1. Fissure sealant materials: Wear resistance of flowable composite resins

    PubMed Central

    Asefi, Sohrab; Eskandarion, Solmaz; Hamidiaval, Shadi

    2016-01-01

    Background. Wear resistance of pit and fissure sealant materials can influence their retention. Wear characteristics of sealant materials may determine scheduling of check-up visits. The aim of this study was to compare wear resistance of two flowable composite resins with that of posterior composite resin materials. Methods. Thirty-five disk-shaped specimens were prepared in 5 groups, including two flowable composite resins (Estelite Flow Quick and Estelite Flow Quick High Flow), Filtek P90 and Filtek P60 and Tetric N-Ceram. The disk-shaped samples were prepared in 25-mm diameter by packing them into a two-piece aluminum mold and then light-cured. All the specimens were polished for 1minute using 600-grit sand paper. The samples were stored in distilled water at room temperature for 1 week and then worn by two-body abrasion test using "pin-on-disk" method (with distilled water under a 15-Nload at 0.05 m/s, for a distance of 100 meter with Steatite ceramic balls antagonists). A Profilometer was used for evaluating the surface wear. Data were analyzed with the one-way ANOVA. Results. Estelite Flow Quick exhibited 2708.9 ± 578.1 μm2 and Estelite Flow Quick High Flow exhibited 3206 ± 2445.1 μm2of wear but there were no significant differences between the groups. They demonstrated similar wear properties. Conclusion. Estelite flowable composite resins have wear resistance similar to nano- and micro-filled and micro-hybrid composite resins. Therefore, they can be recommended as pit and fissure sealant materials in the posterior region with appropriate mechanical characteristics.

  2. Fissure sealant materials: Wear resistance of flowable composite resins

    PubMed Central

    Asefi, Sohrab; Eskandarion, Solmaz; Hamidiaval, Shadi

    2016-01-01

    Background. Wear resistance of pit and fissure sealant materials can influence their retention. Wear characteristics of sealant materials may determine scheduling of check-up visits. The aim of this study was to compare wear resistance of two flowable composite resins with that of posterior composite resin materials. Methods. Thirty-five disk-shaped specimens were prepared in 5 groups, including two flowable composite resins (Estelite Flow Quick and Estelite Flow Quick High Flow), Filtek P90 and Filtek P60 and Tetric N-Ceram. The disk-shaped samples were prepared in 25-mm diameter by packing them into a two-piece aluminum mold and then light-cured. All the specimens were polished for 1minute using 600-grit sand paper. The samples were stored in distilled water at room temperature for 1 week and then worn by two-body abrasion test using "pin-on-disk" method (with distilled water under a 15-Nload at 0.05 m/s, for a distance of 100 meter with Steatite ceramic balls antagonists). A Profilometer was used for evaluating the surface wear. Data were analyzed with the one-way ANOVA. Results. Estelite Flow Quick exhibited 2708.9 ± 578.1 μm2 and Estelite Flow Quick High Flow exhibited 3206 ± 2445.1 μm2of wear but there were no significant differences between the groups. They demonstrated similar wear properties. Conclusion. Estelite flowable composite resins have wear resistance similar to nano- and micro-filled and micro-hybrid composite resins. Therefore, they can be recommended as pit and fissure sealant materials in the posterior region with appropriate mechanical characteristics. PMID:27651887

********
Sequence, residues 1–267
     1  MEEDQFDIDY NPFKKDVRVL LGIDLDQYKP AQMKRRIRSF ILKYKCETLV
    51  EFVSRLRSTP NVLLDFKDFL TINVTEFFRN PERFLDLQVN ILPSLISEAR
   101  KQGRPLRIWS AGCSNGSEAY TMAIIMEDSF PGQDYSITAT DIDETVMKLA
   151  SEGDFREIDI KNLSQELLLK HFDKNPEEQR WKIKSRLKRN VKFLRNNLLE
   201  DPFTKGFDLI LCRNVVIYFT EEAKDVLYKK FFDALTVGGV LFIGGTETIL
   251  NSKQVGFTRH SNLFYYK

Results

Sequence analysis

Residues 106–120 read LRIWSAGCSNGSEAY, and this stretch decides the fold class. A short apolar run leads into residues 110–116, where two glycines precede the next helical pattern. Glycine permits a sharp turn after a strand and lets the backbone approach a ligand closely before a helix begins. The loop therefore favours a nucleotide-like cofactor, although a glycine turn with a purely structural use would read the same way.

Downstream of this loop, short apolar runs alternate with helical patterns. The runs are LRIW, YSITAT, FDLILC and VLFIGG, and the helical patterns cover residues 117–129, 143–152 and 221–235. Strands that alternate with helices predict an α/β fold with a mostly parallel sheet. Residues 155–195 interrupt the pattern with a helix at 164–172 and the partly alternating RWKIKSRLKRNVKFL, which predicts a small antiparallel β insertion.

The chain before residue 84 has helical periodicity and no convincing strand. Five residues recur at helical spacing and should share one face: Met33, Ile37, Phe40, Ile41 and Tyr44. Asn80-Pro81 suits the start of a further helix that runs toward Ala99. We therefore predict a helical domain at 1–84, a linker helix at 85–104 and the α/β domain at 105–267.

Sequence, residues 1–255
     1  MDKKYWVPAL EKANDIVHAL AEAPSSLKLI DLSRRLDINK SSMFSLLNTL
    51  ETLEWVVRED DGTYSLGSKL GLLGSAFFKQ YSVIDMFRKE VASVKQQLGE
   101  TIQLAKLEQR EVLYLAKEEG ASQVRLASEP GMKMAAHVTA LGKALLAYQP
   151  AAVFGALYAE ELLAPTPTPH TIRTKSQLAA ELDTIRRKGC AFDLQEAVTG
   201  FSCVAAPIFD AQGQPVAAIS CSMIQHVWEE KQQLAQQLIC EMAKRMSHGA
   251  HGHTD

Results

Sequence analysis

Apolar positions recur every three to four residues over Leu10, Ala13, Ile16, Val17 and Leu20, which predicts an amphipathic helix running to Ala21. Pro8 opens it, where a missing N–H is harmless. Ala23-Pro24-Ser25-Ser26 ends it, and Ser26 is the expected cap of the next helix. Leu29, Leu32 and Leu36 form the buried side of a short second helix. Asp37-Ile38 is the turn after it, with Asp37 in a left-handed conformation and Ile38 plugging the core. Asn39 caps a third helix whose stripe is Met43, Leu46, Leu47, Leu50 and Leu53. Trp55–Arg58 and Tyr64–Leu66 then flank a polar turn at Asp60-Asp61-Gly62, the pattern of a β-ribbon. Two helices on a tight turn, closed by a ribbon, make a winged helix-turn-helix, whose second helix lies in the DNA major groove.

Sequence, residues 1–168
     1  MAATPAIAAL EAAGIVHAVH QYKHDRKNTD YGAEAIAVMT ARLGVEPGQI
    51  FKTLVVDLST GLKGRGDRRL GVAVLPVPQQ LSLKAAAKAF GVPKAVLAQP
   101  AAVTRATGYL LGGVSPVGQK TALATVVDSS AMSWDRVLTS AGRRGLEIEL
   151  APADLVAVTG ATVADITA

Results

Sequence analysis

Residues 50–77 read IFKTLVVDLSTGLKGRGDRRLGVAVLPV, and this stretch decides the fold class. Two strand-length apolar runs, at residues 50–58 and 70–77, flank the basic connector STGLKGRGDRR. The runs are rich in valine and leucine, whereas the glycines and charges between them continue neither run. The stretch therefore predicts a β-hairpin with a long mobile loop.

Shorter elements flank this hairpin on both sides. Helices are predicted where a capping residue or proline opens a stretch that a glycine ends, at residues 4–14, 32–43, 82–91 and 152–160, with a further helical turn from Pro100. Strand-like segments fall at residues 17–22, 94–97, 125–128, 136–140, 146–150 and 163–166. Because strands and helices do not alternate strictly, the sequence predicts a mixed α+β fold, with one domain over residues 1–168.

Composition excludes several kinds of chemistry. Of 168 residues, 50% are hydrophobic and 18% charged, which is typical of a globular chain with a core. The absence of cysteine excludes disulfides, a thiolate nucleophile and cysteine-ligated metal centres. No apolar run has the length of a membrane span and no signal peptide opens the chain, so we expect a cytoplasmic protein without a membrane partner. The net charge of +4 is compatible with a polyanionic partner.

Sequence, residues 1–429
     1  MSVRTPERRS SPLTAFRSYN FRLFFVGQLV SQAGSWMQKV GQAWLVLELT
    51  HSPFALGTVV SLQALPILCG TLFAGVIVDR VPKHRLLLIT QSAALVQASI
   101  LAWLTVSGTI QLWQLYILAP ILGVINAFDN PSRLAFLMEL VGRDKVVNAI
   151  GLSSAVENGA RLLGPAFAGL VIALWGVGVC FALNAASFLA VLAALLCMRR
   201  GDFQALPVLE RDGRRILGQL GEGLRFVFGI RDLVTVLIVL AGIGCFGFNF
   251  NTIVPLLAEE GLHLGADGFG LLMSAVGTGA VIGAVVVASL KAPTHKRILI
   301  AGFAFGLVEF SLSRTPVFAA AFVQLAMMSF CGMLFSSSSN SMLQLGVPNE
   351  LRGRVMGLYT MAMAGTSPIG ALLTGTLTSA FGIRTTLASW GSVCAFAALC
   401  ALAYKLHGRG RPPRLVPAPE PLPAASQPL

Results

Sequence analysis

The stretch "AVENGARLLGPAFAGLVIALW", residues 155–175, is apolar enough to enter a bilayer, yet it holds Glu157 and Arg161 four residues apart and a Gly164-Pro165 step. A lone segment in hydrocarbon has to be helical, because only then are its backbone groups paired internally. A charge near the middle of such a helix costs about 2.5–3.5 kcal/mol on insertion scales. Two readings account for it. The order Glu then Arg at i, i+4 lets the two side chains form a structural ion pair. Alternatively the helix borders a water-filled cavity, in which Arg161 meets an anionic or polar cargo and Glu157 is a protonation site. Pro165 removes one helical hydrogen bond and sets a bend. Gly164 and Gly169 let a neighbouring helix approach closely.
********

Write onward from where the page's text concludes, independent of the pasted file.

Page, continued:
3. Fissure sealant materials: Wear resistance of flowable composite resins.

    PubMed

    Asefi, Sohrab; Eskandarion, Solmaz; Hamidiaval, Shadi

    2016-01-01

    Background. Wear resistance of pit and fissure sealant materials can influence their retention. Wear characteristics of sealant materials may determine scheduling of check-up visits. The aim of this study was to compare wear resistance of two flowable composite resins with that of posterior composite resin materials. Methods. Thirty-five disk-shaped specimens were prepared in 5 groups, including two flowable composite resins (Estelite Flow Quick and Estelite Flow Quick High Flow), Filtek P90 and Filtek P60 and Tetric N-Ceram. The disk-shaped samples were prepared in 25-mm diameter by packing them into a two-piece aluminum mold and then light-cured. All the specimens were polished for 1minute using 600-grit sand paper. The samples were stored in distilled water at room temperature for 1 week and then worn by two-body abrasion test using "pin-on-disk" method (with distilled water under a 15-Nload at 0.05 m/s, for a distance of 100 meter with Steatite ceramic balls antagonists). A Profilometer was used for evaluating the surface wear. Data were analyzed with the one-way ANOVA. Results. Estelite Flow Quick exhibited 2708.9 ± 578.1 μm(2) and Estelite Flow Quick High Flow exhibited 3206 ± 2445.1 μm(2)of wear but there were no significant differences between the groups. They demonstrated similar wear properties. Conclusion. Estelite flowable composite resins have wear resistance similar to nano- and micro-filled and micro-hybrid composite resins. Therefore, they can be recommended as pit and fissure sealant materials in the posterior region with appropriate mechanical characteristics. PMID:27651887

  4. Fissure sealant materials: Wear resistance of flowable composite resins.

    PubMed

    Asefi, Sohrab; Eskandarion, Solmaz; Hamidiaval, Shadi

    2016-01-01